Trial rescheduled in Warren woman’s death
The trial of a Columbus man accused of raping, torturing and killing a young Warren woman in her Columbus apartment has been reset from today to April 5, 2019.
Hearings are scheduled in Franklin County Common Pleas Court on Dec. 4, 2018, and Feb. 4, 2019, according to online court records.
Anthony J. Pardon, 53, could get the death penalty if he’s convicted of some of the charges he faces in the death of Rachel Anderson, 24, a 2012 Warren G. Harding High School graduate found dead Jan. 29 in her closet.
Anderson was found after co-workers who went looking for when she didn’t report for work at a Columbus funeral home. Police said she died of asphyxiation.
Pardon spent 24 years in prison for an attempted murder, aggravated assault and rape he committed in Columbus in 1982. He also spent 10 years in prison for failing to notify Georgia officials that he had moved to that state.
The street department and the Ohio Department of Transportation are improving the drainage ditch on the eastbound side of the Himrod Avenue Expressway.
That will result in the eastbound side of the expressway being closed from 7 a.m. today to 3 p.m. Friday from the Wilson Avenue exit to the Albert Street exit.
Contractors skip out
Two township residents report they hired contractors for home repairs and the contractors failed to complete the repairs after receiving advance payments, according to police reports.
One victim told police Tuesday afternoon he hired a contractor to install a fence on his Afton Avenue property. The victim says he gave the contractor two payments of $1,866, but the contractor did not return to complete the project. The victim has unsuccessfully attempted to contact him.
The second victim told police Tuesday morning she hired a contractor to repair the roof of her home on Annawan Lane. She paid him $2,840, but the contractor never made plans to complete the repair.
When she asked for a refund, he refused and stopped responding to her communication.
Still no pact for teachers
Poland teachers are working their seventh consecutive week without a contract, the Poland Education Association said in a news release Wednesday.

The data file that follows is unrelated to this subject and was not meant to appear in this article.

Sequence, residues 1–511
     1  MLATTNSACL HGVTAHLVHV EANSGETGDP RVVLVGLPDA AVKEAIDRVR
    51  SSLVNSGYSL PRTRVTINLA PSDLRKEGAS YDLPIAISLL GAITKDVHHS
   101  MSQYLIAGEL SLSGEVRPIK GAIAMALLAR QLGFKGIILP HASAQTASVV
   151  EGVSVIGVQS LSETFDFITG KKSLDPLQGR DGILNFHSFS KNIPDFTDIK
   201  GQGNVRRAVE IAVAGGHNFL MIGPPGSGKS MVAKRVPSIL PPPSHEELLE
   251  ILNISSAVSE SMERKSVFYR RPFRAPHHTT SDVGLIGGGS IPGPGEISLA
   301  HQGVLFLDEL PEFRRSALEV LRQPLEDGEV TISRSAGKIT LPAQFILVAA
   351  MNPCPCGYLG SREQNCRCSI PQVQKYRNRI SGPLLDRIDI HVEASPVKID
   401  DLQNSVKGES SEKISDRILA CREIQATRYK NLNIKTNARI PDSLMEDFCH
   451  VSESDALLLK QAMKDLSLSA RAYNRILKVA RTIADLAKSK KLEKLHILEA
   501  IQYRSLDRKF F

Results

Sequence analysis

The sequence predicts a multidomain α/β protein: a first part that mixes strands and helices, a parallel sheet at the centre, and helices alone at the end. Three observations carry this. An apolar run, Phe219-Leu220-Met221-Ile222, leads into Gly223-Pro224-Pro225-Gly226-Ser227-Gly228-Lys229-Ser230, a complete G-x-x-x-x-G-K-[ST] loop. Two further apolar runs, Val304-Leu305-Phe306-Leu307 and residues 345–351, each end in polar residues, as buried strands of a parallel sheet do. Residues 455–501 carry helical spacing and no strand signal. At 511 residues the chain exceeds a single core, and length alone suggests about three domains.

Their last meeting with the Poland Board of Education took place Oct. 4 and ended without scheduling an additional federal mediation session.
PEA spokeswoman Nichole Blaze said teachers appreciated Superintendent David Janofa’s recognition of their importance, but she said, “[the statement] is in contrast with the proposal to the PEA,” which members consider “punitive.”
PEA president Susan Holub said, “There is an atmosphere that has created an all-time low in teacher morale.”
Girard to go to trial
Mayor James Melfi announced this week the city will go to trial Nov. 8-9 over its pending litigation with Ohio Central Railroad to acquire property not being used by the company. The city seeks to use the property for recreational purposes, including its bike trail plans.
Using a $20,000 Keep America Beautiful/Lowe’s Community Partners grant, the city, St. Angela Merici Parish and the Lincoln Park Watch will work from 8 a.m. to 3 p.m. Saturday to finish the Lincoln Park Walking Trail on the city’s East Side.
Volunteers will be installing items such as gates, park benches, railings, dog-waste receptacles, trash cans and extra lighting as well as painting the Council Rock and Lincoln Park signs at the park’s main entrance.
Additional volunteers are welcome to help complete the project. Volunteers should meet at St. Angela Merici Parish, 397 S. Jackson St.
Canfield one-act plays
What if you had only 48 hours to write, cast, memorize and perform a one-act play?
This is what students in Canfield are faced with as they prepare Halloween/horror plays.
The students will have exactly 48 hours to be ready when the curtain goes up in the Canfield High School auditorium at 7 p.m. Saturday. The show is open to the public and tickets are $8 for adults and $5 for students.
The S.O.A.R. Team at Lockwood United Methodist Church, 4570 Lockwood Blvd., is hosting a free community dinner from 4:30 to 6 p.m. Saturday.
The menu includes pasta and meatballs, bread and butter, salad, a variety of desserts and drinks.
Salt-storage structure is ready in Struthers
The city completed construction on a salt-storage structure as part of the its preparations for winter driving conditions.
The facility is 25 feet tall, 60 feet long and stands in the parking lot adjacent to city hall. Mayor Terry Stocker said there is enough space in the structure to store all the salt, slag and other material mixtures needed for the city’s road maintenance needs for the entire winter.
The storage structure cost approximately $54,000.